Mali Tuaregs blame ISIS-linked group for third deadly attack on civilians in a week
Jihadists killed 17 civilians in an attack of “inexplicable horror” in northern Mali near the border with Niger, local militia groups said on Wednesday.
“On May 1, members of the same terrorist group summarily executed 17 people in Tindinbawen and Taylalene,” the Movement for the Salvation of Azawad said in a joint statement with the Imghad and Allies Touareg Self-Defence Force (GATIA).
MSA split in 2016 from the Tuareg separatist group National Movement for the Liberation of Azawad (MNLA). GATIA was established in August 2014 and is reportedly close to the Malian Army. Both are part of the pro-government Platforme Coalition.
Elderly people were burned alive in their homes and the attackers took property belonging to locals, the statement said. The groups called them “crimes of inexplicable horror.”
On April 27, suspected jihadists killed dozens of Tuareg on the Mali-Niger border. According to MSA, 43 people were killed in two raids in Aklaz and Awakassa, a region where unrest between jihadist militants and Tuareg-led armed groups is common. All of the victims were from the Idaksahak pastoralist berber group.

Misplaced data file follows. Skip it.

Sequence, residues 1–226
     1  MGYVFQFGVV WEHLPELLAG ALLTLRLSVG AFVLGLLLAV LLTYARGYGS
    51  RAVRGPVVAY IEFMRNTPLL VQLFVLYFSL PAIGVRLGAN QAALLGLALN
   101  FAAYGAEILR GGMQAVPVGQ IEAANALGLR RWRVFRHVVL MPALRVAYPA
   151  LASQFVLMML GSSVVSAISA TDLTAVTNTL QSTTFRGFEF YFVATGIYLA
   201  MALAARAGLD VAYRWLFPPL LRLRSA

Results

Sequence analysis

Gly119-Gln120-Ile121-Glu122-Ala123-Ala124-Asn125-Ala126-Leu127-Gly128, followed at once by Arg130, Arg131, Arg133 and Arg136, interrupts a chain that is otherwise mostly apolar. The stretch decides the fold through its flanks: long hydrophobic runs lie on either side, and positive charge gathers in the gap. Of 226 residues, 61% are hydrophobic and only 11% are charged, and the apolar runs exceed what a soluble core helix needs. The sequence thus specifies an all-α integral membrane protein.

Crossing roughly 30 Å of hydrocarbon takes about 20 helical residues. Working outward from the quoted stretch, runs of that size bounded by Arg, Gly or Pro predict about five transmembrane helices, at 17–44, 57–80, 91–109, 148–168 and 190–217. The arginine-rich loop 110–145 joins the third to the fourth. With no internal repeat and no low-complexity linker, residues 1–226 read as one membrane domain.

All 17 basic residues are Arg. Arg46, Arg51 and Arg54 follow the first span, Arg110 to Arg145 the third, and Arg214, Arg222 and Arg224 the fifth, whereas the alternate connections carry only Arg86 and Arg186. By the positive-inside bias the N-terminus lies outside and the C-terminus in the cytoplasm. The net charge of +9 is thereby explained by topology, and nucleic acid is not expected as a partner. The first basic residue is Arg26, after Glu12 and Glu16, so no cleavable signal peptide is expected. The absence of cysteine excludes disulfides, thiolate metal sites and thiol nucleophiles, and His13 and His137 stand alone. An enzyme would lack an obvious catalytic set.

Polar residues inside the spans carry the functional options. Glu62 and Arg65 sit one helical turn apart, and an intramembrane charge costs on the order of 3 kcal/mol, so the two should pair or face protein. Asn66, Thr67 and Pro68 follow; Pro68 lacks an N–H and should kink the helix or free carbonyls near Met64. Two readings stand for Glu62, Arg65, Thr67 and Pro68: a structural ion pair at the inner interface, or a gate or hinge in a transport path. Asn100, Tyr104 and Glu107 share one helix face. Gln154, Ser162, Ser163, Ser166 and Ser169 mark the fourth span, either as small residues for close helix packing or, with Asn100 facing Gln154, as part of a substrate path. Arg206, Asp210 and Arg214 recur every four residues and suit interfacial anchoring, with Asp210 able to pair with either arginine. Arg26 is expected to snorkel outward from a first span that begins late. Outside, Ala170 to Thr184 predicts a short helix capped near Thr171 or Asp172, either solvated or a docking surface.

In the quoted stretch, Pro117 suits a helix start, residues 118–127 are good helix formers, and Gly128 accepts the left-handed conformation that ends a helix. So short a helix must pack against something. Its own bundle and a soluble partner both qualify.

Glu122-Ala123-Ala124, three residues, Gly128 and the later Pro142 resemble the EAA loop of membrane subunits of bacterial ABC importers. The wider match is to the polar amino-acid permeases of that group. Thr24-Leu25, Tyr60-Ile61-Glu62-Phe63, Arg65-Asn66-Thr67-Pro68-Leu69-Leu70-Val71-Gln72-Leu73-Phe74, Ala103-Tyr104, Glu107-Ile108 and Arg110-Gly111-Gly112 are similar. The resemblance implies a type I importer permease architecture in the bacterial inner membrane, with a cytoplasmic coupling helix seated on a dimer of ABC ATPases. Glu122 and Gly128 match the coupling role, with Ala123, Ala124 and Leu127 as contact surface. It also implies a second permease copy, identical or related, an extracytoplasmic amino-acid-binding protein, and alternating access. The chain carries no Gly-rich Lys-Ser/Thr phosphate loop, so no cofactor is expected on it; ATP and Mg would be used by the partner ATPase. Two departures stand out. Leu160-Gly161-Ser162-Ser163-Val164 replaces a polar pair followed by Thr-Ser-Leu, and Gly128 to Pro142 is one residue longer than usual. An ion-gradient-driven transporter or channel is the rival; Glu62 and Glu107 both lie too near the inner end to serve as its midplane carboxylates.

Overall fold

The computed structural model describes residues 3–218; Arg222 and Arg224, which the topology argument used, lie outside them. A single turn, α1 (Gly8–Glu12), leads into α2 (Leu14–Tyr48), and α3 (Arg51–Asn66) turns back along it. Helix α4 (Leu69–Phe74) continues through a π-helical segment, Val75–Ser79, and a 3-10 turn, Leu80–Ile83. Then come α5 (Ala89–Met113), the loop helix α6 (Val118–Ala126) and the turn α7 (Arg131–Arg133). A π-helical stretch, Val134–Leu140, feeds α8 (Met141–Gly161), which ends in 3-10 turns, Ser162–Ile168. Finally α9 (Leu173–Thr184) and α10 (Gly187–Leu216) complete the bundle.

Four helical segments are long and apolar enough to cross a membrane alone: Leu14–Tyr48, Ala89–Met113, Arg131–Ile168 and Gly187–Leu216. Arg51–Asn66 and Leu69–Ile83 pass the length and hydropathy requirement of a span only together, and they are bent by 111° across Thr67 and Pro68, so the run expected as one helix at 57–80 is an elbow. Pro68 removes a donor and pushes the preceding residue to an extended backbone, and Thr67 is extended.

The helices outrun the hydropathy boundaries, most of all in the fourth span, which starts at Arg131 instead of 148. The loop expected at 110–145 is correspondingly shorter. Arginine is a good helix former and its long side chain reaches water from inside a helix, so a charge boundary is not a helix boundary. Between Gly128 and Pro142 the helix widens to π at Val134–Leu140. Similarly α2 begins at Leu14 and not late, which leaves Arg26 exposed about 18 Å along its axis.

MSA and GATIA said the perpetrators of Tuesday’s attacks in Tindinbawen and Taylalene were from the same group that carried out the April 26 and 27 attacks.
Operation Barkhane on Wednesday said the perpetrators of the Tindinbawen and Taylalene attack were likely part of a group calling itself Islamic State in the Greater Sahara, the group led by Adnane Abou Walid Sahraoui, a former member of al-Qaeda in the Islamic Maghreb.
Around 4,000 French troops are deployed in Mali under Operation Barkhane alongside the United Nations’ 12,000-member Minusma peacekeeping operation. Minusma is currently conducting two operations in northern Mali, the mission said last week.
Clashes between French soldiers and an armed jihadist group in Menaka left three “terrorists” dead, an army spokesperson said April 26. Three French special forces personnel were also injured, local media reported.
France launched an intervention in its former colony in 2013. That mission evolved into the current Operation Barkhane deployment launched in 2014 with an expanded mandate for counter-terror operations across the Sahel region of West Africa, and around 4,000 French troops are deployed.
In June 2015, Mali’s government signed a peace agreement with the Platforme Coalition and some armed groups in the separatist Coordination des Mouvements de l’Azawad (CMA) alliance, but other insurgents remain active, linked to drug, arms and migrant trafficking in the vast Sahel region.
With reporting from AFP